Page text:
Monday, 28 May 2012
Private Members' Business
I congratulate the member for Mayo on his best effort to politicise this debate, a very important debate, I believe, because as members of this place we must constantly and with excessive vigilance keep our eye on the capacity of people to live—to feed themselves, to house themselves and of course live a normal life. The member for Melbourne's motion proposes a number of increases in welfare payments and in particular an increase of $50 in the Newstart allowance, or what people more commonly know as the dole.
When I was selected here in 1996, I was asked what my priorities were. In response I stole an old Neville Wran line that said there were only three issues in politics: 'jobs, jobs and jobs'. The best thing we can ever do as elected representatives to give people a leg up to ensure that they can house and feed themselves, and provide an opportunity to prosper in life, is to give them a job. When I was elected in 1996 the unemployment rate in my electorate was in excess of 10 per cent—I think around 13½ per cent—and of course youth unemployment was probably in the order of 30 per cent. Today the national unemployment rate is less than five per cent, something I would not have dreamed I would see in this place in my time. But even more surprising and more rewarding is the unemployment rate in my electorate which is now just 3.5 per cent, an amazing outcome which shows how far we have come.
What frustrates me is that, notwithstanding that very low unemployment rate and the additional diversity we have in our economy and the growth rate we have in our economy, I still have pockets where you will find large numbers of unemployed people, typically young people. Nothing frustrates me more, as the local member representing a seat with an unemployment rate of 3½ per cent, than to see kids sitting around my shopping centres with baseball caps on backwards, idle and not participating in the labour market. My very strong view is that we have a once-in-a-generation opportunity to break the cycle for those who have never known either their parents or their grandparents to work. They have never known what it is like or simply just do not understand the concept of setting an alarm clock to wake to go to work each morning. We will not shift people out of this cycle by providing additional incentives to stay unemployed. As a government we are doing a range of things. We do not let kids leave school now unless they have got further education or a job to go to. We are investing $3 billion in skills to ensure that Australians have the opportunity to take up those jobs that are on offer because of the health in our economy, unlike that of many of our OECD partners. We need to continue to focus on that goal. We need to get those kids out of that cycle. We need to put people into work.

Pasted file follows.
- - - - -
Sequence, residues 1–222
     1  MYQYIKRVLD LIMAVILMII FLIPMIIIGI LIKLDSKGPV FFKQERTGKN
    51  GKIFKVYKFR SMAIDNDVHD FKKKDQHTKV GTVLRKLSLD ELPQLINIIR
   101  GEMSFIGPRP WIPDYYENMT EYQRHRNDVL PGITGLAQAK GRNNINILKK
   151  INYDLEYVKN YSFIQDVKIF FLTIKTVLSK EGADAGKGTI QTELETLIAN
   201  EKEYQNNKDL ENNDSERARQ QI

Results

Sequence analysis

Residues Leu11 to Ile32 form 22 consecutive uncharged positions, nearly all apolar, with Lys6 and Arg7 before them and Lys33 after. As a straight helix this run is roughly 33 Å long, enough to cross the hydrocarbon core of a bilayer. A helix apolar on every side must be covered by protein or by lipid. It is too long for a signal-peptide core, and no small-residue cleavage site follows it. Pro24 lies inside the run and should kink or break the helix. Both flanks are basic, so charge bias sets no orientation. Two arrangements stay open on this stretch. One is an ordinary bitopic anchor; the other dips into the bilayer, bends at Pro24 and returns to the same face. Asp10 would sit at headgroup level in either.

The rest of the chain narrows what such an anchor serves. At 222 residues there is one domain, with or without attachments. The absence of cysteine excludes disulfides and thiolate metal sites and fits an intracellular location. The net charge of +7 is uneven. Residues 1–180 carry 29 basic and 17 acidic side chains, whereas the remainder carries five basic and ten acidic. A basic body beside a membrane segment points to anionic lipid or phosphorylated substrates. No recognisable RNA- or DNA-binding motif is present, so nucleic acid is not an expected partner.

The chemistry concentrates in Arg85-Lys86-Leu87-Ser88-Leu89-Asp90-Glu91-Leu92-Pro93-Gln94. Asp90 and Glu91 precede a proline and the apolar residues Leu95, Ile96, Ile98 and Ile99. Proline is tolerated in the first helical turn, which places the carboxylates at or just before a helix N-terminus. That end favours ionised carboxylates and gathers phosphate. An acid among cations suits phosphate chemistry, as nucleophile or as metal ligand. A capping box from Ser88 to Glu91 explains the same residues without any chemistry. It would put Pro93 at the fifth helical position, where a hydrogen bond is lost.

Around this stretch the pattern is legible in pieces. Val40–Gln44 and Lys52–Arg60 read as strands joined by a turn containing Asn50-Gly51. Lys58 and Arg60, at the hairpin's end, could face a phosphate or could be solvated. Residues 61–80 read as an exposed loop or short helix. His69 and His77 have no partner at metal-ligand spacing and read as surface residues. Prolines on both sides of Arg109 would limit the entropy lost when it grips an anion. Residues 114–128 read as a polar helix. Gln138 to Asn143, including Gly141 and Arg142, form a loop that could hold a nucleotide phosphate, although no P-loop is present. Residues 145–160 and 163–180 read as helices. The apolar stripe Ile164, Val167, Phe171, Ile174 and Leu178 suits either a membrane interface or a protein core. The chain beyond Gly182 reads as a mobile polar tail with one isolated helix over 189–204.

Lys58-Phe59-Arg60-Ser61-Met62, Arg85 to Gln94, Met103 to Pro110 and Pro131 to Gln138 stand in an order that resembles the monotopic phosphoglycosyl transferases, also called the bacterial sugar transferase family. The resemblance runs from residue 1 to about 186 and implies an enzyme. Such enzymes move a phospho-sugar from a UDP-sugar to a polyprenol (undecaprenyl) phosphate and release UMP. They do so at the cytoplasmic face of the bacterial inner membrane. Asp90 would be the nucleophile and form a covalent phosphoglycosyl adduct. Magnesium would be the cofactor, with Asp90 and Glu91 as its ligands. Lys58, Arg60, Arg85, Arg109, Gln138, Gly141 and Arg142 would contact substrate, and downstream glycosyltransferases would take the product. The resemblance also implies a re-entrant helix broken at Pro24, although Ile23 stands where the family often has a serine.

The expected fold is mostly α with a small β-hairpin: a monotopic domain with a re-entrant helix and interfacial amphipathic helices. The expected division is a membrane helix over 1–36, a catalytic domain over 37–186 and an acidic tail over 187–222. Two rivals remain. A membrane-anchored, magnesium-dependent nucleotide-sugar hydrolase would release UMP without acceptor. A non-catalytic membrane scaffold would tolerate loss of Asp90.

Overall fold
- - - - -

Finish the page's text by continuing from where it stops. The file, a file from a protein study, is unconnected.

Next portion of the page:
I am advised that the proposal being put forward by the member for Melbourne amounts to a cost of some $13 billion over the forward estimates. I ask myself: what else could we be doing with that $13 billion? I would much rather be spending it on further investments in young people in particular to get them into work, to get them job ready, to get them skilled. We have seen this weekend the controversy over skilled migration. The controversy is there because we simply do not have the people and the skills to fill these jobs locally. What a tragedy that I still have kids sitting around idle, that I have retrenched workers at Hydro aluminium, but we still have not positioned ourselves sufficiently to ensure we can fill those jobs available in the mining sector. I understand the sentiments of the member for Melbourne; I know this motion is well motivated. But, again, I do not think you get people off unemployment by giving them an additional incentive to stay there.